Drinking the ‘Pollan-Aid’

Denial is a powerful tool. When Michael Pollan’s The Omnivore Dilemma hit the shelves a few years back, I was one of those people who insisted that I did not need to read a four hundred plus page homily about how screwed up our food system was and for years I refused to read it. But when a dear friend who had been a dedicated vegetarian for over fifteen years announced (after reading two of Pollan’s books: the above mentioned and In Defense of Food) that she would resume eating meat as long as it was local and responsibly grown, I was speechless. Really, I mean speechless. And when my words returned, all I said was, “Okay, I guess I have to read this book.” And now that I have, I understand the hype.

Pollan constructs a brilliant image of our food system. Not only does he offer an incredibly detailed response to the “What should we have for dinner?” question, but cleverly and without judgment creates a space for the reader to explore their own social, sociopolitical and socioeconomic beliefs and practices about food and its merchandising. Nice Work.

I remember the first time I read Yearning: Race, Gender and Cultural Politics by ‘bell hooks’ I thought my brain would explode. I had never thought about myself as ‘political’ let alone as a ‘political statement.’ Hooks’ theories were interesting but slightly beyond my sophomoric grasp, but when Sisters of the Yam crossed my path a half dozen years or so later, I would gain (and one that continues to grow) a great appreciation and respect for hooks’ contributions and cultural reporting. It is funny how you can grow with a book. When I first read Sisters of the Yam, it was the chapter, “Seeking Truth” that resonated the loudness but these days it is “Knowing Peace: An End to Stress,” that seems to speak to my current life situation.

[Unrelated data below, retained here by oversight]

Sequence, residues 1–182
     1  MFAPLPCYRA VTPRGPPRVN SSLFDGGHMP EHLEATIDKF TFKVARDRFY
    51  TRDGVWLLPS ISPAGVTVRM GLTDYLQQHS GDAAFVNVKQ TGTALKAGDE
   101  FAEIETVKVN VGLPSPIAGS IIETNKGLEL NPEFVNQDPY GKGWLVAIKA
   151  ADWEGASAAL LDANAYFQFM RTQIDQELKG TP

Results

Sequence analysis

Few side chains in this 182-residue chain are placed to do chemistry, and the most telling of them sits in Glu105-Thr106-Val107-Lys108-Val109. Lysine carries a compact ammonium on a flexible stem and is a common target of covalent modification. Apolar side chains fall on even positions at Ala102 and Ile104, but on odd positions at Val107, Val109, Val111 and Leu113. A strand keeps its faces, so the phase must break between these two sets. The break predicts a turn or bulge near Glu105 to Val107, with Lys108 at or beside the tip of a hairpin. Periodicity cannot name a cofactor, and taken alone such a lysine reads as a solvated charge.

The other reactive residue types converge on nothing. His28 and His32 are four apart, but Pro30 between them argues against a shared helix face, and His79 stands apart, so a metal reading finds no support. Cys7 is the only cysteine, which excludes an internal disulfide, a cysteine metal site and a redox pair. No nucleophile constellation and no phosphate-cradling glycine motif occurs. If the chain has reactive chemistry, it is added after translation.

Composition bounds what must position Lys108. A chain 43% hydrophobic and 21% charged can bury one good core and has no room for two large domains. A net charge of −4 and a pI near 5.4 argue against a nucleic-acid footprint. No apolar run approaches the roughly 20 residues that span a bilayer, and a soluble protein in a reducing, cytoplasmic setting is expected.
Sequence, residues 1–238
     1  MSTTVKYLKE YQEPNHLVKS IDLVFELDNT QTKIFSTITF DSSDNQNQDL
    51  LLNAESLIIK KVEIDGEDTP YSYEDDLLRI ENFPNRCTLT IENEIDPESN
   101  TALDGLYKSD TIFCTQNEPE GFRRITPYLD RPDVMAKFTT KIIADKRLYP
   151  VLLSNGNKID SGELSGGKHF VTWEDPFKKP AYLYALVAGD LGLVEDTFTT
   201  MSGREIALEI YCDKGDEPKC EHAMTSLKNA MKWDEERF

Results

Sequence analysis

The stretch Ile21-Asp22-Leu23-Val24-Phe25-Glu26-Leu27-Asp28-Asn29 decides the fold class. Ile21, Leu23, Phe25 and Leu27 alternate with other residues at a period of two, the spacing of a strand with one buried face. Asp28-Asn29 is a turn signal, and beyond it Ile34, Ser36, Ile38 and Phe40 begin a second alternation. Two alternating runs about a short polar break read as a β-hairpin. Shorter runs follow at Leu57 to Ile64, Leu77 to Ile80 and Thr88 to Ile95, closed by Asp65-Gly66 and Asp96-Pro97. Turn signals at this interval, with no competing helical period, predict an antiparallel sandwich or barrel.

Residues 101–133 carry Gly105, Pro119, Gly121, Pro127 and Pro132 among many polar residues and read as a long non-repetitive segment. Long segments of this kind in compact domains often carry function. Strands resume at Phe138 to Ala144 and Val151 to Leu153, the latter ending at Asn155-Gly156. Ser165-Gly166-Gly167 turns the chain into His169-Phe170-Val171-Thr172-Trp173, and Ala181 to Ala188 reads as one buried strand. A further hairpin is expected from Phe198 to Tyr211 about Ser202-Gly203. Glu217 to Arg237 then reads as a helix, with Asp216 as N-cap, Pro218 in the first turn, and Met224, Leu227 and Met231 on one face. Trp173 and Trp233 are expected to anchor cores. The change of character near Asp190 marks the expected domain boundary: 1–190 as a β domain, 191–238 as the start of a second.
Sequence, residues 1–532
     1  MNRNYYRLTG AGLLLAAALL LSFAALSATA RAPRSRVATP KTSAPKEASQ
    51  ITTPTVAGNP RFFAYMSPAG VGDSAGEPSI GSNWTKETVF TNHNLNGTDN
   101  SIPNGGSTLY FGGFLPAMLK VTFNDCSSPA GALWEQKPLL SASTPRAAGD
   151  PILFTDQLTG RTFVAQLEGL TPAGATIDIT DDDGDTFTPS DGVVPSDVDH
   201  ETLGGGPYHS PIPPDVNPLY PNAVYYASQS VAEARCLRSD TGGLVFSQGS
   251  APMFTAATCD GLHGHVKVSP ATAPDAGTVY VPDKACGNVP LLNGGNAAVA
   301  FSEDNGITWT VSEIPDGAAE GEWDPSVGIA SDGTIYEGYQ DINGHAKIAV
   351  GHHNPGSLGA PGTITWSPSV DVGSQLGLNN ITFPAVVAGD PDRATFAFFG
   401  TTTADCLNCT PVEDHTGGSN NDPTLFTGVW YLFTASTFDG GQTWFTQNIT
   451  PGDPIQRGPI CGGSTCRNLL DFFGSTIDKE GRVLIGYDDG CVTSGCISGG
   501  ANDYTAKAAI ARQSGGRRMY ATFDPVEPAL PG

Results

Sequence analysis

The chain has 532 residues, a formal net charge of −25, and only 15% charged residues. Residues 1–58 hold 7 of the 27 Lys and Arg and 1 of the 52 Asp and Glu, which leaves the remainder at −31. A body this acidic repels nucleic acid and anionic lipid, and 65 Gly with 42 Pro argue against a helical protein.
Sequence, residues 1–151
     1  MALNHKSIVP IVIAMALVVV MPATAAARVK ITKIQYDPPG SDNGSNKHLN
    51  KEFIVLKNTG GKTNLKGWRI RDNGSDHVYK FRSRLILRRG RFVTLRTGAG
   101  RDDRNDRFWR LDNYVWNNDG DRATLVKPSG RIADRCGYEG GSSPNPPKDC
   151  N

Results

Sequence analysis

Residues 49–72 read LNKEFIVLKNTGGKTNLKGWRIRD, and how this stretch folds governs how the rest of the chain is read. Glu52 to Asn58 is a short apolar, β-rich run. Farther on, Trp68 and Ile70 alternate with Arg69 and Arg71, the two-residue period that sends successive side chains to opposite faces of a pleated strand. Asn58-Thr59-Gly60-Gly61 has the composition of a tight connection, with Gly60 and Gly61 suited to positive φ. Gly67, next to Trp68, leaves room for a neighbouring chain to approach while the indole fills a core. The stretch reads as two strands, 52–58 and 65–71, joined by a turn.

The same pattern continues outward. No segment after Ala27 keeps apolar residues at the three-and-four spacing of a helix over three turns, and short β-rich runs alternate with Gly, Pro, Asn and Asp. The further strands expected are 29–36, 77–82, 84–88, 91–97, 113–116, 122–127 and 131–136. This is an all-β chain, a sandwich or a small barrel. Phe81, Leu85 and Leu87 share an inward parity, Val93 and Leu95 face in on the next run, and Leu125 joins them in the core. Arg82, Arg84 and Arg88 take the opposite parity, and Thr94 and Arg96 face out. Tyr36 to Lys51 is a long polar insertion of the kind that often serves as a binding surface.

When hooks declares that we (Black Women – and I’ll include brown, red and burgundy too) have ‘to not only believe that we deserve to live well, but that we must claim it as a birthright’ she wasn’t talking about Gucci and Prada and insurmountable debt. She was talking about an internal sense of self worth that allows us to actualize our resiliencies without becoming emotionally crippled. She further explains that “Knowing when to quit is linked to knowing one’s value” and that “unless black women begin to make our health, and our well-being, a central priority, we cannot begin to develop lifestyles that enhance our lives.” She acknowledges that “This is not a simple task; but [that] it is a rewarding one.” Ironically, Michael Pollan takes a similar stand on food.

He suggests that we have to believe that healthy food is a right and make it a priority to access that right. However, when two out of three Americans or 66% percent of the overall population is overweight and half of that number is obese and the larger percentage struggles with hypertension, heart disease, high cholesterol, and diabetes can we really ‘just’ blame the individual? Granted, the responsibility ultimately falls on the individual but when income and education start to become criteria for sourcing wholesome healthy food, that is not just an individual, that is systematic irresponsibility. Particularly when the money available to pay for public education is being chopped and scattered like mulch. So how is it that we access our right to ‘real’ food?

I know that this is an ongoing discussion and as a recovering fast-food addict, I also know how easy it is to make the quick and convenient choice. It took years to break old habits but it really has made a world of difference. And the truth of the matter is that the more I learn about all of the crap that is in processed foods, the easier it is to make a healthier choice. Now, if only I could be so disciplined with my workout.

For three weeks straight I only made it to the gym once a week. Generally, I go twice and believe it or not, missing my sessions made me feel guilty. Odd, I know, but because I felt guilty I started going three times a week and boy was that a commitment. A good one, though.

With less than three weeks to ‘the big day’ I have realized that this process has only begun. And although I am completely committed, I have days when I am seriously low energy. I need more sleep than ever and I am either not hungry at all or immediately starving. There is absolutely no warning and because I am now conditioned to only eat when I am hungry, I walk around with snacks like a little kid. Odd.

And my favorite snacks right now: 1) mixed nuts with dried cherries and cranberries; 2) crackers: salty & sweet; 3) banana and oranges.

That’s all for now . . . must get back on track. Cross your fingers!

Any suggestions for the party?

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